Someone’s prior record score – that is, the charges for which they’ve been previously convicted – has an enormous impact on dealing with someone’s criminal case. If you’re prior record score is high, it might make it more difficult to achieve a favorable deal with a prosecutor and might force you to go forward to trial.

In other instances, a relatively light criminal background will frequently allow someone to achieve a favorable plea deal that makes trial unnecessary. An experienced attorney can help to advise you on what the outcome of your case might be with your particular situation.

Conclusion: You need an experienced attorney by your side to resolve your charges.

If you’ve been charged with statement under penalty at Cabela’s, it’s imperative that you reach out to a criminal defense attorney right away. At Cornerstone Law Firm, we routinely help individuals charged with crimes resulting from their visit to Cabela’s. Give us a call today and set up a free consultation with us to discuss your options and what you can do to aggressively defend yourself against these charges.

Understanding Your Car Insurance

Good car insurance is one of the most important assets that an individual can have.

A car accident can wreak havoc on an individual’s life—and insufficient car insurance can make it difficult or almost impossible to catch up on the medical bills that result and to seek treatment from injuries. Unfortunately, too many people don’t take a look at their car insurance coverage until after a car accident has already occurred. So, here are three things that your car insurance should cover for you after a car accident:

1. Car Insurance Protects You – Personal Injury Protection (PIP)

Personal Injury Protection (also known as “PIP”), is one of the least understood and most important aspects of comprehensive car insurance. We’ve covered PIP in more depth before, but in short, PIP coverage is your insurance provider’s obligation to pay your medical bills regardless of who’s at fault in the accident. You can be assured that your car insurance will pay your medical bills up to a certain amount. Why is this?

Sometimes cases can get bogged down into litigation for years, and the insurance companies can’t agree who’s at fault. Accordingly, PIP coverage is required to be offered by insurance companies in Pennsylvania so that, after a car accident, you have a reliable source of payment for those medical bills from your own insurance company.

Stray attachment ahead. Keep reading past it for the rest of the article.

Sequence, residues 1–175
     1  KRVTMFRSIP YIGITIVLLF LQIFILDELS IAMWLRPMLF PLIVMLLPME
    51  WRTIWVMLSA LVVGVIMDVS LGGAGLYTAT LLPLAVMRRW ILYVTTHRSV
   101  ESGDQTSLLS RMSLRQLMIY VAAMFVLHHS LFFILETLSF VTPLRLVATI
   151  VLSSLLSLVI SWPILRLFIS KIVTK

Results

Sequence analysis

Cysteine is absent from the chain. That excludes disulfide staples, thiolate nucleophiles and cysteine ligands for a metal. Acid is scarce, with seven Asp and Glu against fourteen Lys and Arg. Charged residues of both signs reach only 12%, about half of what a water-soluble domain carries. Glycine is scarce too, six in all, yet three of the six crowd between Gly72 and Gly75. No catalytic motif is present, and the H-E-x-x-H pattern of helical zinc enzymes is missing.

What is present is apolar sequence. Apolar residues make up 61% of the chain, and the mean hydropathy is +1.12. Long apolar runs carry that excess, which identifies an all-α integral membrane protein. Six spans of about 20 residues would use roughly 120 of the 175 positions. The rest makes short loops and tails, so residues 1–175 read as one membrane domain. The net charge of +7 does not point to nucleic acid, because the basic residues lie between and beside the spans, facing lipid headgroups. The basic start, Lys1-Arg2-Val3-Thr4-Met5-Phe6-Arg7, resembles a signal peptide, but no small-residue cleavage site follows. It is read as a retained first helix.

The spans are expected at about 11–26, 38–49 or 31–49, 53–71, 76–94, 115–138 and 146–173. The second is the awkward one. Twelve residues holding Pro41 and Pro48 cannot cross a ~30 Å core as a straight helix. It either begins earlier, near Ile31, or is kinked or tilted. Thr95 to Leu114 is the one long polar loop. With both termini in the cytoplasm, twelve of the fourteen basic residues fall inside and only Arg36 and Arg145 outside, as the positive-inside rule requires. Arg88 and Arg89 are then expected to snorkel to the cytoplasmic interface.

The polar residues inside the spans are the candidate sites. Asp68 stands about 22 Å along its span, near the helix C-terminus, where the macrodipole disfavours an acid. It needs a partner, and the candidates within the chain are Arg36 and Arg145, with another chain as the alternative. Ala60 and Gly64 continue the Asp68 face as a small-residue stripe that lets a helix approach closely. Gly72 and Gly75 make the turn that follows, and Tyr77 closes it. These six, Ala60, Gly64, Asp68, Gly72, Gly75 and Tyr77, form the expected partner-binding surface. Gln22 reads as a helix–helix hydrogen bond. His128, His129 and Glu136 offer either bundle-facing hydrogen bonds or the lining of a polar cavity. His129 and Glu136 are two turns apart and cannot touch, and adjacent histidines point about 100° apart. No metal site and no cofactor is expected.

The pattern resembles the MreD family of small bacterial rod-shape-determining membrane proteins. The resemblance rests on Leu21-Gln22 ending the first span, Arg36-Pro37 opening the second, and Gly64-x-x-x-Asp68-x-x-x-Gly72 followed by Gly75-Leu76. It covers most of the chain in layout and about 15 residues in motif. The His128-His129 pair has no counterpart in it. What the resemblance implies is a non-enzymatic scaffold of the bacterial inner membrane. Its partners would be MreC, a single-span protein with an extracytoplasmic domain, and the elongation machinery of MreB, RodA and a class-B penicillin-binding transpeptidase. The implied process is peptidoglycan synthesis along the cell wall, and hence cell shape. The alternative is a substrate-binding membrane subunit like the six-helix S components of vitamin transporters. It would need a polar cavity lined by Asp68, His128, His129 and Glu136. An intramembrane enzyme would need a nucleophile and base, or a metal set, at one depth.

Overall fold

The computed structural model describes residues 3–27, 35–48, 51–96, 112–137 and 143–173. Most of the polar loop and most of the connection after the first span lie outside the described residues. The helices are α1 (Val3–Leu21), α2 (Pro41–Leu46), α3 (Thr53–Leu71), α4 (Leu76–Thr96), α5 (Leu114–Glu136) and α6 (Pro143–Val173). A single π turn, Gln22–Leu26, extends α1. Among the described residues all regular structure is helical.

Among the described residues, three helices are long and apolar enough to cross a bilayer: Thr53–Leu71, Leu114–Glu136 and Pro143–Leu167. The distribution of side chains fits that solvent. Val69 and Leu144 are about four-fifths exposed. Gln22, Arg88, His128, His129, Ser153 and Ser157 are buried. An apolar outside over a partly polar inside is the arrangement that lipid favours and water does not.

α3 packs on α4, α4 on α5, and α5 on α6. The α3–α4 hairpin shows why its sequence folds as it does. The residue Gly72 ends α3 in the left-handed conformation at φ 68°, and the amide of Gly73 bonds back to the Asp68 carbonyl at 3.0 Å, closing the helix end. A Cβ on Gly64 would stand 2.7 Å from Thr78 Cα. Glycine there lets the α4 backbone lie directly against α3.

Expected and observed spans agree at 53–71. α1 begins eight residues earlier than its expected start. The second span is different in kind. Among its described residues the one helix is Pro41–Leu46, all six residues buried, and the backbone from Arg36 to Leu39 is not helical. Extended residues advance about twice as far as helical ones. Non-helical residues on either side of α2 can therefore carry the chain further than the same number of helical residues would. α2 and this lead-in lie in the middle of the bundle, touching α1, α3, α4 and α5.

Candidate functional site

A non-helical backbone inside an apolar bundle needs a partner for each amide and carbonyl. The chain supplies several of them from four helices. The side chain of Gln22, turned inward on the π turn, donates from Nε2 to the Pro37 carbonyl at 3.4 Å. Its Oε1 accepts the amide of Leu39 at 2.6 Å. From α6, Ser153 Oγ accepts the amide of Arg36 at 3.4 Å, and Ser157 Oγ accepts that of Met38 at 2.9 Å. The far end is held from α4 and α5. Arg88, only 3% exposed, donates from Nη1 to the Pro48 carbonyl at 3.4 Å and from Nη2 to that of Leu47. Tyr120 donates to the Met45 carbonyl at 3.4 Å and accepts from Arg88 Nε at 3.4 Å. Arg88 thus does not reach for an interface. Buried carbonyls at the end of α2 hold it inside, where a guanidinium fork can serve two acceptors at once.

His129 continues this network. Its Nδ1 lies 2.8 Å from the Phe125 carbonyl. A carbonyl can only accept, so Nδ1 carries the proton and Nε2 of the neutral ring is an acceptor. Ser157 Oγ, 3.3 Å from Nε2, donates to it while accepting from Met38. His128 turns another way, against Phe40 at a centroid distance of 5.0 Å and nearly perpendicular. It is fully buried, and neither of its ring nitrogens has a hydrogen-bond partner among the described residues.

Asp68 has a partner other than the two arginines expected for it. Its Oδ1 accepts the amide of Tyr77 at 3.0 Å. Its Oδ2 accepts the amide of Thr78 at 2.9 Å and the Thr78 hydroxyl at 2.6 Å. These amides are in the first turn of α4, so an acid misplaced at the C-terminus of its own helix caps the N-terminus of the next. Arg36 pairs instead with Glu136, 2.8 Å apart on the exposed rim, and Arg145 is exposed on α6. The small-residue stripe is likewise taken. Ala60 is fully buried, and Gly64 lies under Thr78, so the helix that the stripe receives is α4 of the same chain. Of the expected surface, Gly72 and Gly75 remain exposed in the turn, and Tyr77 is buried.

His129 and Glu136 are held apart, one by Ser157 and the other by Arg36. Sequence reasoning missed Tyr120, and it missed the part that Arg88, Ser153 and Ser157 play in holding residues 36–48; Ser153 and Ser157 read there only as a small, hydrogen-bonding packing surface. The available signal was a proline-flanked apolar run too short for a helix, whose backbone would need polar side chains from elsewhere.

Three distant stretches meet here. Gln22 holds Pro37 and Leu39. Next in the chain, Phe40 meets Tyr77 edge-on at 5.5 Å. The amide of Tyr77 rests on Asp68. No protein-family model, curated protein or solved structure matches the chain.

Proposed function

2. Underinsured and Uninsured Motorist Coverage

But what happens when you’re hit by someone else, they cause injuries and their insurance doesn’t cover the extent of your injuries? What if someone is driving without any car insurance at all, and they hit you? In these cases, your own insurance may cover you under the “uninsured motorist coverage” portion of your policy. Similarly, if they don’t have sufficient insurance, underinsured coverage provides extra money for you to cover your injuries.

In Pennsylvania, you are always given the opportunity to “waive” uninsured or underinsured motorist coverage—that is, you may decline the coverage in exchange for a lower premium. This is generally a very bad idea. You should not waive this coverage, because this might be the only way that you can be covered if you’re in an accident and your damages are serious. The law only requires drivers to carry $15,000 in coverage.

If you’re in a serious car or motorcycle accident, this won’t be nearly enough to cover your medical bills, time off work and compensation for your pain and suffering. In that case, while your own insurance will have to cover your medical bills up to a certain point, after that you will be unable to obtain any additional payment for your pain and suffering or any medical bills that are in excess of that amount.

You can’t control whether other drivers are responsible, but you can insure against their irresponsibility. It’s important that you have substantial underinsured and uninsured motorist coverage in case you’re in a car accident so that you aren’t left without anyone to pay for those bills.

3. Third Party Liability

This third one is the least exciting of all insurance coverages, but it’s extremely important. Your car insurance indemnifies you in the event that you are in an accident that causes someone else harm. Hopefully, all of us try to be safe and careful drivers, but accidents do happen.

In the event that you cause a car accident and someone else is badly injured, you are personally on the hook for any injuries that you cause. This means that if you own a home, that house could even be in jeopardy if you injure someone badly enough. It doesn’t take much to be seriously injured in a car accident or a motorcycle crash.

Accordingly, you can do substantial damage that could wipe out all of your assets after a car accident. That’s why third-party liability coverage on your insurance policy is so important.

Conclusion: Car Insurance, a Social Safety Net

Car insurance plays an extremely vital role in our society, ensuring that anyone who’s injured on the road has a path to recovery. At Cornerstone Law Firm, we help people navigate the confusing world of car insurance claims after a car accident.

If you or a loved one has been injured in a motorcycle or car crash, or if you’ve been hit as a pedestrian by a vehicle, please call the personal injury attorneys at the Cornerstone Law Firm today so that we can discuss how to properly handle your insurance claim.